Wednesday, 17 April 2013


Book Four of The Seedling Stars (London, 1972) by James Blish, "Watershed," is an eleven page short story recounting three conversations on a spaceship bridge, yet it is a fitting culmination for this series about seeding the galaxy with Adapted Men.

It is a "spaceship story" as I defined these in a recent post although it ends with the ship still approaching the planet:

"...what was its name again? Oh yes, Earth." (p. 182)

The story's point, about the nature of humanity, has been made in the  conversations.

"Using pantropy, man has seized thousands of worlds that would have been inaccessible to him otherwise. It's enormously increased our chances to become masters of the galaxy..." (p. 185)

Any other imperialistic race will be outnumbered - as by now is the original human form. So much time has elapsed that Earth, now a desert planet, is to be seeded with Adapted Men. This is the "watershed." The basic type can no longer claim any superiority, either in numbers or in ownership of the original planet.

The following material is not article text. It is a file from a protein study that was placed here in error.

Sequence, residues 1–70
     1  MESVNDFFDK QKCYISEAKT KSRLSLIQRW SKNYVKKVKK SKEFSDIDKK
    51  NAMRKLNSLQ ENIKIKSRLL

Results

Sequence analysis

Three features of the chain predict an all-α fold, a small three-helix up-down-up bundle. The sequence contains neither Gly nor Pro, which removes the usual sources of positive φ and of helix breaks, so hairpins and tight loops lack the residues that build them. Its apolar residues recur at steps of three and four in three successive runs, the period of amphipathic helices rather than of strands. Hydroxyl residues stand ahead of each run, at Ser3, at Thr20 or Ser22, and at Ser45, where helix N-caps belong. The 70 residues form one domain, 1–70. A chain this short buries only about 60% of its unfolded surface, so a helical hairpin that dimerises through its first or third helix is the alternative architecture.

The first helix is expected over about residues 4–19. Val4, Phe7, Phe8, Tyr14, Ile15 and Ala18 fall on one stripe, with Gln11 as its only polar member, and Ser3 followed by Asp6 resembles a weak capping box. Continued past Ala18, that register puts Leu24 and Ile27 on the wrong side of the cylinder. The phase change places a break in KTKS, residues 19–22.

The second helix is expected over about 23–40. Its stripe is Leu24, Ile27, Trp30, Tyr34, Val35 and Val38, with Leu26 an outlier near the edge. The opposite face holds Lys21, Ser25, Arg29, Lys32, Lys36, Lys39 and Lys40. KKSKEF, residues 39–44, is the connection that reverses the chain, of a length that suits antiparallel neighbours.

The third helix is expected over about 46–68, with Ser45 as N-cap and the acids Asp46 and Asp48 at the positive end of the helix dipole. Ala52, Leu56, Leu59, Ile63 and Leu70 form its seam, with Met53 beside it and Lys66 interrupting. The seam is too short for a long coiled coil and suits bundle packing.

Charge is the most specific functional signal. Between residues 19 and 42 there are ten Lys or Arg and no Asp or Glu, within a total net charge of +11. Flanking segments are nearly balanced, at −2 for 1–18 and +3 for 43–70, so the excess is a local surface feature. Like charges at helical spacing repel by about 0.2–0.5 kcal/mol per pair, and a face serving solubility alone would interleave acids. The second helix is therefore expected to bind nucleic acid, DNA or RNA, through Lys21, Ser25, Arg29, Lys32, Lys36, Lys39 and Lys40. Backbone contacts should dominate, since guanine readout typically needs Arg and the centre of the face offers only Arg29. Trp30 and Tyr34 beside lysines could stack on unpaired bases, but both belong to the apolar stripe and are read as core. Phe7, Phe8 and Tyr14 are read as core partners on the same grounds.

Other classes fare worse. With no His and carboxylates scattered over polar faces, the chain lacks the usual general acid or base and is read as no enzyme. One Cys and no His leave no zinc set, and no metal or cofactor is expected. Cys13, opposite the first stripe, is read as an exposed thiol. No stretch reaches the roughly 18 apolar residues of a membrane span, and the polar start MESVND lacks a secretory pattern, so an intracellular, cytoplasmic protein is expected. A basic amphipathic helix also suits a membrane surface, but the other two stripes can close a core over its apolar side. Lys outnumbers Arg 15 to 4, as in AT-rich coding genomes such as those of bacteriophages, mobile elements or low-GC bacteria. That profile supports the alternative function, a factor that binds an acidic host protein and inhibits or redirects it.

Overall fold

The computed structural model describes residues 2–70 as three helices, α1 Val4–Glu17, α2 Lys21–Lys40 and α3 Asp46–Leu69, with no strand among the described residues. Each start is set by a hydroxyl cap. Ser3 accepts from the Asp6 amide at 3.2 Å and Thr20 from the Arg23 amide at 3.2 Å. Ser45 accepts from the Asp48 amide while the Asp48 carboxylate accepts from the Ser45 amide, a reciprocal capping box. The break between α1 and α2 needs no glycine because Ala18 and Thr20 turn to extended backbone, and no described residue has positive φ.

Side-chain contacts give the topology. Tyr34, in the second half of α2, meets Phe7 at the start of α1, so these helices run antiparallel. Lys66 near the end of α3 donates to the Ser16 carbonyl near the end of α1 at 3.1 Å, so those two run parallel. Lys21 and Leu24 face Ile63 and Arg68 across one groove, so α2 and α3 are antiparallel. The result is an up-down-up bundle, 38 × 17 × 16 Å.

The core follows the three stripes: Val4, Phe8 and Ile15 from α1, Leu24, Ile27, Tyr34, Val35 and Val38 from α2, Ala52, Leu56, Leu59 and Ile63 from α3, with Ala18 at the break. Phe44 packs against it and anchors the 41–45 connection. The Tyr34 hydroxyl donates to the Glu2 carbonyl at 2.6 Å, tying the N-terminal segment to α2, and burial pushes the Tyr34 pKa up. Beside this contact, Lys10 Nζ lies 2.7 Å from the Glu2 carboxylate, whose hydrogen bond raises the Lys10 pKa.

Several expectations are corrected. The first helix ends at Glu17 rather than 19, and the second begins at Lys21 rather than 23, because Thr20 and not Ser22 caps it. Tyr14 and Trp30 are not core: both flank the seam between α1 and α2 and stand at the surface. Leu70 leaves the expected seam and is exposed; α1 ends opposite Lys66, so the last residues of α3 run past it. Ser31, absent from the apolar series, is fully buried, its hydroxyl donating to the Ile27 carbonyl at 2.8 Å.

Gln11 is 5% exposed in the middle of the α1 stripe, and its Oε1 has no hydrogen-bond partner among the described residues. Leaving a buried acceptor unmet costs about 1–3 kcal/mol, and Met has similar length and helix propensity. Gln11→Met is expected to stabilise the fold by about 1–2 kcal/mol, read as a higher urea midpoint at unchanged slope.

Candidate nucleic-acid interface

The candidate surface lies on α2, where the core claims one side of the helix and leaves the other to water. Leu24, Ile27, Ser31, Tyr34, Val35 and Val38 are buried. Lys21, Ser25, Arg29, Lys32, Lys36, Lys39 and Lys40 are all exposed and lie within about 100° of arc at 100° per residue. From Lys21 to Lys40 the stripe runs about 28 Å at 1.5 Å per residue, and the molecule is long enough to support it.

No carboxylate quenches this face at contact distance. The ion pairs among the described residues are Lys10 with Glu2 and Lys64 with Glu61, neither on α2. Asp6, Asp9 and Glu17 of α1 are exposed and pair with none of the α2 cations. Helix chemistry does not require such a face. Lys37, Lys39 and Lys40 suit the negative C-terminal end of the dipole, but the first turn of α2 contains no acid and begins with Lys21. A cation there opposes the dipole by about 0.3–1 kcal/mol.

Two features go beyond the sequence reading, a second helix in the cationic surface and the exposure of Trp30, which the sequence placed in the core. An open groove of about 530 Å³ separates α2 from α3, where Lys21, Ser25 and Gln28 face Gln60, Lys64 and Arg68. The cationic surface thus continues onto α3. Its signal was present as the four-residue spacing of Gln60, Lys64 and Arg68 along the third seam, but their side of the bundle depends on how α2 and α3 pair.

An Adapted pantropist comments that gas giants are not seeded because:

"'You cannot totally change the form without totally changing the thought processes...such worlds are the potential property of other races...'" (p. 190)

Policy makers in Poul Anderson's Terran Empire would agree because they sell Jupiter to the hydrogen-breathing Ymirites whereas the title character of Anderson's "Call Me Joe" would disagree because he is a human psyche beginning a second life in an artificially grown quadrupedal body on the Jovian surface.

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